So what has changed? In 15M there is an extraordinary spirit of inclusivity that brings us closer to a kind of networked identity that is different from the collective identity: in short, an identity in which no one can present themselves as representative. This is something that was felt from the very first moments when you approached a camp. A feeling of inclusivity and of breaking with pre-established schemes and ways …… with a very optimistic and positivist vision of the future ……
What were the high points, the most impressive moments of the square? What were the key moments?
Above all, the first two or three days of Puertas del Sol were unforgettable. That so many people come together in a square without having a clear point or moment for the end of that “gesture”, or a very defined objective, is something unique; it is exactly what has allowed us to create a new social, cultural and political imaginary.
The demonstrations, including the demonstration on Sunday 15 May, had a programmed climax that corresponded to the classic outline of a demonstration. A scheme recognisable to all; that is, a parade through the city that ends in a square where there are “organising leaders”, who give a speech from a platform. The scenario was the same as always.
Very different, however, was the situation we experienced after the encampment in Puerta de Sol. There the situation was impressive because we were building a new imaginary. That feeling is unique. It cannot be repeated. It is fundamental. We were there and we were building this new imaginary and people turned out. Even scenographic imaginary was built. I don’t know what happened in Barcelona and other cities, but in Madrid, the banners, the minute’s silence and in general, a whole series of small “scenographic/organisational” contributions allowed all of us who were there to form part of the process of constructing a new collective imaginary. We were not repeating a script, but we were building something new together. That was important and …… very powerful!!!!
Another impressive thing was to see how Puerta del Sol was structured into a mini-city thanks to the work of many people who were self-coordinated and capable of building their own infrastructures (digital and physical) in a very practical and efficient way. A collective intelligence was generated that took advantage of everyone’s knowledge to generate in a very short time an infrastructure that worked very well. Without financial resources.
Then the assemblies….
First there is the general assembly that takes place in the square, which is spectacular. There is a kind of need to talk about everything… Each person sees it in a thousand ways. But it was spectacular because in the end anyone who needed to talk about something could do so and go to a square and set up a discussion group. So, an agora was really generated, a moment in which people approached other people to talk and to imagine a better world.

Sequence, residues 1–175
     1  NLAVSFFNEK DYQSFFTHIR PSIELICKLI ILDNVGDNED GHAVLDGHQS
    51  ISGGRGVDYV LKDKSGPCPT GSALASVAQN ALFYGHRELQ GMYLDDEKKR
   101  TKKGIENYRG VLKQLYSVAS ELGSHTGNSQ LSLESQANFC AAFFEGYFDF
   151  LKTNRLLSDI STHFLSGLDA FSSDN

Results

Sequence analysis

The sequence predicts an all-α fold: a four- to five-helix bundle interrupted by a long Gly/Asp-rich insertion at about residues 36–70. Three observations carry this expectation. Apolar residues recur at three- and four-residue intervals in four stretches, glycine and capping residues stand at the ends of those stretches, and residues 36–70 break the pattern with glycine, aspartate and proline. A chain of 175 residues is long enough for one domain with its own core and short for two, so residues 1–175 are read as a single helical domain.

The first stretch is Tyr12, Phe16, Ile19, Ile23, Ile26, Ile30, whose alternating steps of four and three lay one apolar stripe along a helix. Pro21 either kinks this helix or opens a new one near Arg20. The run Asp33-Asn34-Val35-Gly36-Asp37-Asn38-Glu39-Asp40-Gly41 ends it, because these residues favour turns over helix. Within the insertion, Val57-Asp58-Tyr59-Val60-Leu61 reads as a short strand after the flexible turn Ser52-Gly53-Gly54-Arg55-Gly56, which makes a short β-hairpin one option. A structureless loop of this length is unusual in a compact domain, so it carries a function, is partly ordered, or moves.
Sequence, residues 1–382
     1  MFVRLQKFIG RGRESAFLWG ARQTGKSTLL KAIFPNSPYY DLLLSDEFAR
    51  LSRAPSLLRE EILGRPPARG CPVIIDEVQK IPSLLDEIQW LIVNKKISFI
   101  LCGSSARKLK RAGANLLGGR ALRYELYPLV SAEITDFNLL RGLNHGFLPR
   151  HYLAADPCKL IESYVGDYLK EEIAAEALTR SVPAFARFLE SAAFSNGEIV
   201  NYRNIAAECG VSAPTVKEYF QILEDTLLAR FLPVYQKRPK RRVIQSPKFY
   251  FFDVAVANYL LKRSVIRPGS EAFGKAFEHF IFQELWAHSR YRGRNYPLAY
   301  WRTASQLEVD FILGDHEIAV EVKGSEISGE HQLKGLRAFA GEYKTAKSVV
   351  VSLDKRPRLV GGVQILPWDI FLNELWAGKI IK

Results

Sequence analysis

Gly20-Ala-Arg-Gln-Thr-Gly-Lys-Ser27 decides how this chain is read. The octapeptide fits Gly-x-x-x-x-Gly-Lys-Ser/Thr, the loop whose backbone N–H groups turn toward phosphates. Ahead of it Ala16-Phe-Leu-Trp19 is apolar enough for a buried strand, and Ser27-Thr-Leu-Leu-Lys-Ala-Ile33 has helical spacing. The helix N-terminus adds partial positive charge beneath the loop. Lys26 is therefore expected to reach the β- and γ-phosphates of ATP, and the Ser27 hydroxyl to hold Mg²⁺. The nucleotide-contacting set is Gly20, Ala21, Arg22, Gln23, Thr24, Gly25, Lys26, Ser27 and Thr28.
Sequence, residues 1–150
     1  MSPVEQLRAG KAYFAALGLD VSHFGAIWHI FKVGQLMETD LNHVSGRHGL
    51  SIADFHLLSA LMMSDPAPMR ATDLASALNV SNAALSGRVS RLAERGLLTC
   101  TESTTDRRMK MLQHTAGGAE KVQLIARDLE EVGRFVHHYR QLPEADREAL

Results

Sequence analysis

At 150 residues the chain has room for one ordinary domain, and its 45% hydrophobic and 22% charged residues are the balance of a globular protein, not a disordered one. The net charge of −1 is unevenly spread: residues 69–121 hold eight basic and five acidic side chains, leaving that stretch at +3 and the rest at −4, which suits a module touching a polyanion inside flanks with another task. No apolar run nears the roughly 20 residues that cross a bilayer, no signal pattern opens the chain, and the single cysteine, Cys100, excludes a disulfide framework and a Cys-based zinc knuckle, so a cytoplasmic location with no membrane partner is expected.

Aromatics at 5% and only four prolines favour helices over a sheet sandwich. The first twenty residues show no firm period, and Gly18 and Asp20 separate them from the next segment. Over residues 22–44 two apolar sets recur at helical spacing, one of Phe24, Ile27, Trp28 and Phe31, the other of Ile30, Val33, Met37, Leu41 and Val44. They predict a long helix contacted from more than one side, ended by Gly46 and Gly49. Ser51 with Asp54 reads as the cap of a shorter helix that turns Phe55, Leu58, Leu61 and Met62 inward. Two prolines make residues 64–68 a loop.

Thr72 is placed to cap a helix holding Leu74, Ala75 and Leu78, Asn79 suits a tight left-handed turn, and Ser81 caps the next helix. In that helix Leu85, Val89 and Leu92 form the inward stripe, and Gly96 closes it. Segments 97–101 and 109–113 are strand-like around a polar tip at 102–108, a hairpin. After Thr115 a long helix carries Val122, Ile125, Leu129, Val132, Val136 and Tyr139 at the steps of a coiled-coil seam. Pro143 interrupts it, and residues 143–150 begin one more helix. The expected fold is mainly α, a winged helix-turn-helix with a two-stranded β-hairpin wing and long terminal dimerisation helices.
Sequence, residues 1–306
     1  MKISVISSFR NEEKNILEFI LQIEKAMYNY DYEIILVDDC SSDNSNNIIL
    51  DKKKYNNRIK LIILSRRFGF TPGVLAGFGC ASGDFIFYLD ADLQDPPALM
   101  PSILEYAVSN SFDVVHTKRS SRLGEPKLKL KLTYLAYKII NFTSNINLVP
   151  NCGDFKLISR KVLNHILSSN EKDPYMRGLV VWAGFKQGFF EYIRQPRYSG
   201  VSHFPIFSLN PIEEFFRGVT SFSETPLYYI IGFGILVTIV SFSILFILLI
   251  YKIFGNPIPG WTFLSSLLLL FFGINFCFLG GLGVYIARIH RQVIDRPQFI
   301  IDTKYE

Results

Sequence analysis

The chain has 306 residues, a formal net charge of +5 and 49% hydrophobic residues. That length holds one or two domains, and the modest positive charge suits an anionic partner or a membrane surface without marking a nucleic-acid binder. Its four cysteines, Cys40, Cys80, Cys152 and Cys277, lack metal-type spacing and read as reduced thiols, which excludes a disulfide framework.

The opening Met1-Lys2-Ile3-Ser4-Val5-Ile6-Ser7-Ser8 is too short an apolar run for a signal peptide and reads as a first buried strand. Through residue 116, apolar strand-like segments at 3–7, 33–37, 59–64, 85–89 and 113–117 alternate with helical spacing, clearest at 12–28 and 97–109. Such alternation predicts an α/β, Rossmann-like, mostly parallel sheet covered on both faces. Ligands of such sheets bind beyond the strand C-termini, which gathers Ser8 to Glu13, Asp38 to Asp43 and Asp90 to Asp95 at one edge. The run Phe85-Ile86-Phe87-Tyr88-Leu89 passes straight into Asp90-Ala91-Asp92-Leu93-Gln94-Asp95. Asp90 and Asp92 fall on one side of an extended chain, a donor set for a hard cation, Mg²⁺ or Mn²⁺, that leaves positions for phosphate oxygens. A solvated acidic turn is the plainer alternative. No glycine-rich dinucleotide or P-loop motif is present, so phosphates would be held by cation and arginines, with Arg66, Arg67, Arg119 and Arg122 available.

… there are very specific moments in the history of the encampment, the demonstrations, the way people interact with the police, that have shown a great collective maturity. I’m convinced that the movement has been able to develop thanks to the fact that such a strongly non-violent attitude was achieved in those early days.
… And then a memorable moment was when they decided to leave the square and cleaned up. That was exciting. Surely there have been many, many more moments when you think about it and you say how strong! In any case, that day when everything is dismantled and you can’t believe that everyone is cleaning it all up. Cleaning… I mean, you could see people removing the stickers that were on the kiosks in the square. Not cleaning lightly, but cleaning….
And then there is the system of assemblies that are structured in neighbourhoods: a key element that allows everything that happened not to stay there but to unfold a whole cultural transformation that acts directly in the city.
For you, is 15M a social movement?
I would say rather that it is a cultural renaissance that manifests itself in different social movements, of social transformation and cultural transformation.
From your point of view, where does 15M originate?
It’s difficult to answer, but I think it’s useful to understand at what point the turning point between the anti-globalisation movement and the Occupy movements was generated.
From my point of view some turning points are evident in those moments in which governments take measures that insist in a direction that turns out to be completely opposite to what the vast majority of citizens want. Those are very strong moments, possibly taken very lightly because the democratic system gave governments that power. The legal structure and the political structure that we have given ourselves legally allowed them to take decisions against public opinion. An example of such a situation is the case of the war in Iraq, which is also a situation that has occurred in several European countries.
On that occasion and in many others, the inability of governments to listen to the demands of the “governed” promotes a reaction of society that proves to be capable of organising itself independently and with structures different from the traditional ones.